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Screen Writing Tips

In addition to our new Filmmaking 101 series, we thought it’d be interesting to take a look at screenwriting and offer tips from both personal experiences, and to have discussions with other professionals in the film and television business and hear their thoughts on the process of screenwriting.

If you are sitting down to write your first screenplay, there is one key piece of advance that you’ll get across the board.

Write what you know.

It is as easy as that.  No matter what your age, or where you are in life, you have experiences to pull from.  Whether you are a Mechanic in Brooklyn, a High School Student in Des Moines, or a Property Manager in Columbus, use that to your advantage. Pull from your past, write characters that have aspects of people you know, write locations that you know.

You might have a cool concept for a down on his luck detective in 1950s Detroit, but that was a different world. You’ll have to spend days or even weeks (maybe months) researching the time, the people, the job. Detectives were very different in the 1950s than they are now. This is a lot of work to add to your first script, especially when you aren’t comfortable with the proper script format or structure.

So, write what you know. Brainstorm interesting ideas and twists on the normal. A High School Student finds a briefcase of money in his locker. What would you do with the money? What does he do? How do his friends react? A Mechanic falls in love with a woman who brings her car in. Does he take his time fixing her car so he can see her longer?  Find an interesting story with people and places that you understand. You’ll see, the words will flow a lot easier…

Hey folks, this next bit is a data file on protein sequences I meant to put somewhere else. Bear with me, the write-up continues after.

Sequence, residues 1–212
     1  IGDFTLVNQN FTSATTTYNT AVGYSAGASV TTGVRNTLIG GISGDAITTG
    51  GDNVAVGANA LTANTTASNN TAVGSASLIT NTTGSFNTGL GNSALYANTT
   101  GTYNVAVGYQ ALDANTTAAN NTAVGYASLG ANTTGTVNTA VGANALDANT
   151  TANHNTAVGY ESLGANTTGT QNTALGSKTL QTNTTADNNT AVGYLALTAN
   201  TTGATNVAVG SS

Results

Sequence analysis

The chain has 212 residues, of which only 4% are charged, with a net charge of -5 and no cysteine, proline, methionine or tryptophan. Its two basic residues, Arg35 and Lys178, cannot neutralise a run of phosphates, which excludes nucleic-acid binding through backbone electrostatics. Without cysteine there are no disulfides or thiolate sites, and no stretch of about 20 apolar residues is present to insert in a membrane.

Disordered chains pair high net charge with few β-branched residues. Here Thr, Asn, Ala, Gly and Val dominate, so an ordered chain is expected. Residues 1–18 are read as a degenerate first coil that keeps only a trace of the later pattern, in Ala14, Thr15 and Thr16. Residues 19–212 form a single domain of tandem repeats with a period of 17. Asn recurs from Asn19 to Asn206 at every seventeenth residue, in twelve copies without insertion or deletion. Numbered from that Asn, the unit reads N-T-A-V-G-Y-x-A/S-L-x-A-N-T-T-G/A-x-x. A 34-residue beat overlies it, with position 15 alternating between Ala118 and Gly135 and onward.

Posted on June 13th, 2010 by ThePit | Leave a Comment
Filed Under Filmmaking Resources

The Working Screenwriter Blog has posted an excellent interview with an anonymous literary agent. The insightful interview focuses on what agents are looking for in submissions, what to avoid, and how to stand out as a writer.

“Most of the scripts submitted to me are not marketable. If they were, I would be signing 10 clients a day. I’m still amazed screenwriters don’t go watch blockbuster movies and see why they worked.”

Click here to read the full interview.

Posted on September 1st, 2008 by ThePit | Leave a Comment (1)
Filed Under Filmmaking Resources

Pulp 2.0 posted a very interesting article showcasing just how to write a Sci-Fi Channel original movie. The article breaks down the channel’s seven act structure and describes the elements that are needed for a script to be considered for the network and independent production companies that produce for the network.

Learn how to write a Sci-Fi Channel original movie here.

Reading screenplays before or after viewing a film can teach you a lot of about how a film changes and develops throughout production. It is also a lot of fun to find missing things and figuring out if you should blame the writer or director for particular scenes. One of the best sources for screenplays on the web is Drew’s Script-O-Rama.

Script-O-Rama is a collection of links to film, TV and anime scripts from across the web. The site is a direct path to hundreds of scripts. A lot of the films featured have multiple drafts and there are even completely unproduced screenplays (wanna read Michael Chabon’s Spiderman 2, or how about two different rejected Freddy vs Jason scripts? How do these stack up against the one the studio finally settled on?).

You can check out Drew’s here.

Posted on August 5th, 2008 by ThePit | Leave a Comment
Filed Under Filmmaking Resources